Malware scanner for Linux systems

We’ve released a free application that allows you to scan Linux systems for known cyberthreats.

KVRT for Linux: malware scanner for Linux systems

Modern-day cybercriminals aren’t ignoring Linux-based operating systems. Recently, we published a series of posts about malicious code in the open source set of utilities XZ Utils, which managed to find its way into several popular Linux builds; wrote about a Linux implant for the DinodasRAT malware — also known as XDealer; and warned about a backdoor in the Trojanized version of Free Download Manager. Despite all this, the myth that Linux is mostly immune to cyberthreats persists: companies rarely devote funds to protecting machines running this operating system. Therefore, we’ve released a dedicated free product that allows you to check Linux computers for modern threats — Kaspersky Virus Removal Tool (KVRT) for Linux.

What is Kaspersky Virus Removal Tool for Linux and what does it do?

KVRT for Linux can’t monitor attacks on your computer or server in real time — it’s a free application for scanning computers running a Linux-based OS and cleaning them of detected threats. It can detect both malware and adware, as well as legitimate programs that can be used for attacks.

Using KVRT for Linux you can scan 64-bit operating systems for x86_64 architecture. The list of distributions on which the application is guaranteed to work is listed here; however, if the system you’re using isn’t on the list, it’s still worth trying — there’s still a good chance it will work. Our application can scan system memory, startup objects, boot sectors, and all files in the operating system for known malware. It scans files of all formats — including archived ones.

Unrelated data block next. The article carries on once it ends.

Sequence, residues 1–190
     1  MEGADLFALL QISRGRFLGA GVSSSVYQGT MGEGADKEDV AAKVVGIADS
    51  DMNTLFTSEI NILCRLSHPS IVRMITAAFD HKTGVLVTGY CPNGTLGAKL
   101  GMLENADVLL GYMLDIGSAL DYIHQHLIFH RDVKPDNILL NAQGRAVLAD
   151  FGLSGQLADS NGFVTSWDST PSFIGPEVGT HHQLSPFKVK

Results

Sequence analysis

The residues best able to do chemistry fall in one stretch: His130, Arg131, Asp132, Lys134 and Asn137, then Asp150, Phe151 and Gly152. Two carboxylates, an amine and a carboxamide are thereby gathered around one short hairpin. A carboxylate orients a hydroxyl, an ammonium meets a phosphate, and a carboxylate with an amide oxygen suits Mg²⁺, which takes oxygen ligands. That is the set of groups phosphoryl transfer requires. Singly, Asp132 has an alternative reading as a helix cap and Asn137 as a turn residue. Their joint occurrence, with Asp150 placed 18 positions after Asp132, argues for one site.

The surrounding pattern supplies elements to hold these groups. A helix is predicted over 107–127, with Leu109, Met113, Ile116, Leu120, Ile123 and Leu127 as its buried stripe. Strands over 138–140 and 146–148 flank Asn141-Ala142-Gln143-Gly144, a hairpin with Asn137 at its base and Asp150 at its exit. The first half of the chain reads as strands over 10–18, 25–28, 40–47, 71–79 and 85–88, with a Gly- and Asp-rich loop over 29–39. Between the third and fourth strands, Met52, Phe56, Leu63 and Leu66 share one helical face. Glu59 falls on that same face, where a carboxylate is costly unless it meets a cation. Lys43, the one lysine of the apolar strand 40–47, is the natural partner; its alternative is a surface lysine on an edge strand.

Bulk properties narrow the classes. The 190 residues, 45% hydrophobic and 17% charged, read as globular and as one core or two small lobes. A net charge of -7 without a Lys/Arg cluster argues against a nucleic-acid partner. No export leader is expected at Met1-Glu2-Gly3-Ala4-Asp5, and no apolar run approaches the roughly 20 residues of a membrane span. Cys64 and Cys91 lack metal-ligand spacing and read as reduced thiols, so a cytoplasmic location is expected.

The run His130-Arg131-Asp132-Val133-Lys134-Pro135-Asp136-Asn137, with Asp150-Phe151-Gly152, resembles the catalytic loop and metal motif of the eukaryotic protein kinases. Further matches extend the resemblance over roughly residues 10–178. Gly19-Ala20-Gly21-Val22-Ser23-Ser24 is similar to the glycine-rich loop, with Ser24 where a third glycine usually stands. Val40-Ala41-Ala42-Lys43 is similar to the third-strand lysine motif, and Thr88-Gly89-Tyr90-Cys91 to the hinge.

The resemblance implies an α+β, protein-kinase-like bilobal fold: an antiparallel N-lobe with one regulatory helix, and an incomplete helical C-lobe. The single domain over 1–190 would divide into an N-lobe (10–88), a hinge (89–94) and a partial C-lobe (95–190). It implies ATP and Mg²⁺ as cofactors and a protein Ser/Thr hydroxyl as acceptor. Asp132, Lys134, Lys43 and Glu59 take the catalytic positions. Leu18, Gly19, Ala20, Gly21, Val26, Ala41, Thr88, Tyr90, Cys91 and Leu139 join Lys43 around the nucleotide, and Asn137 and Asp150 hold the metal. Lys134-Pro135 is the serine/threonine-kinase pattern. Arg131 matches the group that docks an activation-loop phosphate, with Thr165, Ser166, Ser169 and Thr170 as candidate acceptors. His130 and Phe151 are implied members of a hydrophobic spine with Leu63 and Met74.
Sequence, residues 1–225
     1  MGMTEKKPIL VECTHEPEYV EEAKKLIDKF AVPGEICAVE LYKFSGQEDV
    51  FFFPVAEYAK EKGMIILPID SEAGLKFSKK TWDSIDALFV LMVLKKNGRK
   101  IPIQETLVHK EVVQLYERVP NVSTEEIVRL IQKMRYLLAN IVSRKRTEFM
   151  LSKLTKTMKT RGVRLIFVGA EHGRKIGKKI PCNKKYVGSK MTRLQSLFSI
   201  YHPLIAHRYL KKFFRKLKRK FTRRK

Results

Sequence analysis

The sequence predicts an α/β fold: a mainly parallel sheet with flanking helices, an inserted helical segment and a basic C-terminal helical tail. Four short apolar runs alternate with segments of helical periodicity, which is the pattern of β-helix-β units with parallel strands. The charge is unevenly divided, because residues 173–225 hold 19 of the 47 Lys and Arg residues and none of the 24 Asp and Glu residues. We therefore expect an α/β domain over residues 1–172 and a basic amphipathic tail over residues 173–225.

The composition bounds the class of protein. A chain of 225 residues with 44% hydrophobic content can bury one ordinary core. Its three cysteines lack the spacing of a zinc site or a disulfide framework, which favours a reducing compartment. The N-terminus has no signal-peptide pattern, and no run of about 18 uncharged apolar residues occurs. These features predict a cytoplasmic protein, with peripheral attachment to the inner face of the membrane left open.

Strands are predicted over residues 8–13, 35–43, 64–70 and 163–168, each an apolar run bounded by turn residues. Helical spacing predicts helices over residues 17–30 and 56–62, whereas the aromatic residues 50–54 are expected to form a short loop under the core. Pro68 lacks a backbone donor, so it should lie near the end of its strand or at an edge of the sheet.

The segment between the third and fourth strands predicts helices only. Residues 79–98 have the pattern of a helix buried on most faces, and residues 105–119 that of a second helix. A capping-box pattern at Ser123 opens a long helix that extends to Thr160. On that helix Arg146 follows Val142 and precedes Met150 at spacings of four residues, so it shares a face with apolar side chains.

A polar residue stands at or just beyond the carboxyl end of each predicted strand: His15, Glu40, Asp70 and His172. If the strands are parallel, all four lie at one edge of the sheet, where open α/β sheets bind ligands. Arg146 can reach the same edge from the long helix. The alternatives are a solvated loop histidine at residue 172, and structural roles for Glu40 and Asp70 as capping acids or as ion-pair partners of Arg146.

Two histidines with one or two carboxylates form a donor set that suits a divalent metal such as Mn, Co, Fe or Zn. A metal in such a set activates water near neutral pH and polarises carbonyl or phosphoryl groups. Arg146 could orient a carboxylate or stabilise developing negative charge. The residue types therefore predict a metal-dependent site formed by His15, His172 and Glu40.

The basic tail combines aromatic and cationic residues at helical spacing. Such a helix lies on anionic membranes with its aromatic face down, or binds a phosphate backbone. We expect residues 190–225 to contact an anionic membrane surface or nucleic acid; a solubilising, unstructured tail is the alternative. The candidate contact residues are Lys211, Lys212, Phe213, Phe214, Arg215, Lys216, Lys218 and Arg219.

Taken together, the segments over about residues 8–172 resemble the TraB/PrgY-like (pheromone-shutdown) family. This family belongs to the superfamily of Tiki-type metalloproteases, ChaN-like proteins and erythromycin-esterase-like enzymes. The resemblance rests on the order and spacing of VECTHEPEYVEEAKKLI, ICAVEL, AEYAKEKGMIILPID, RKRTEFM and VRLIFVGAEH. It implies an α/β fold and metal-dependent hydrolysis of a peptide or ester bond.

How to use KVRT for Linux

Let’s start with the fact that KVRT for Linux doesn’t have an automated antivirus-database updating mechanism. If you want our product to be able to recognize the latest threats, you’d need to download the fresh version of the program from our website each time. The package hosted there is updated several times a day.

The application can be run via graphical interface or via a command line. But you can only run it manually — it’s impossible to set up a scheduled scan.

The distribution is provided as a portable application, so it doesn’t require installation. However, it must be granted execute permission before use. To ensure that the application has access rights to system memory, boot sectors and other important areas, and can also cure or remove detected threats, it’s recommended to run it under a superuser account (root). However, KVRT for Linux can also work under a regular user account, but in this case its functionality may be limited. You can read more about how to launch the application and give it the necessary rights on our technical support website. In general, there you can find all the information you may need to use KVRT.